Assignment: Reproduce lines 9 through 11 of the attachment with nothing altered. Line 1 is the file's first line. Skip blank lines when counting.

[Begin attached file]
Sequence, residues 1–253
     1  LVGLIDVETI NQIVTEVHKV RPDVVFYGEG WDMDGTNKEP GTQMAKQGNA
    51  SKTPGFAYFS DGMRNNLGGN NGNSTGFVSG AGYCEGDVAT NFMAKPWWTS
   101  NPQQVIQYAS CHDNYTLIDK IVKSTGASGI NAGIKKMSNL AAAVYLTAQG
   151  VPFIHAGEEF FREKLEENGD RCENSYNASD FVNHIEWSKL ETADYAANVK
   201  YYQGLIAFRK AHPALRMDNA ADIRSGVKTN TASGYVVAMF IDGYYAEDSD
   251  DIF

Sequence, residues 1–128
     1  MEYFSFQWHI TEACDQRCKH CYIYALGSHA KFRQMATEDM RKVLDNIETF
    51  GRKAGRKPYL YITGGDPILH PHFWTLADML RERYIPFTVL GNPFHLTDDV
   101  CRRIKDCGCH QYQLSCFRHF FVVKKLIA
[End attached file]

     1  MEYFSFQWHI TEACDQRCKH CYIYALGSHA KFRQMATEDM RKVLDNIETF
    51  GRKAGRKPYL YITGGDPILH PHFWTLADML RERYIPFTVL GNPFHLTDDV
   101  CRRIKDCGCH QYQLSCFRHF FVVKKLIA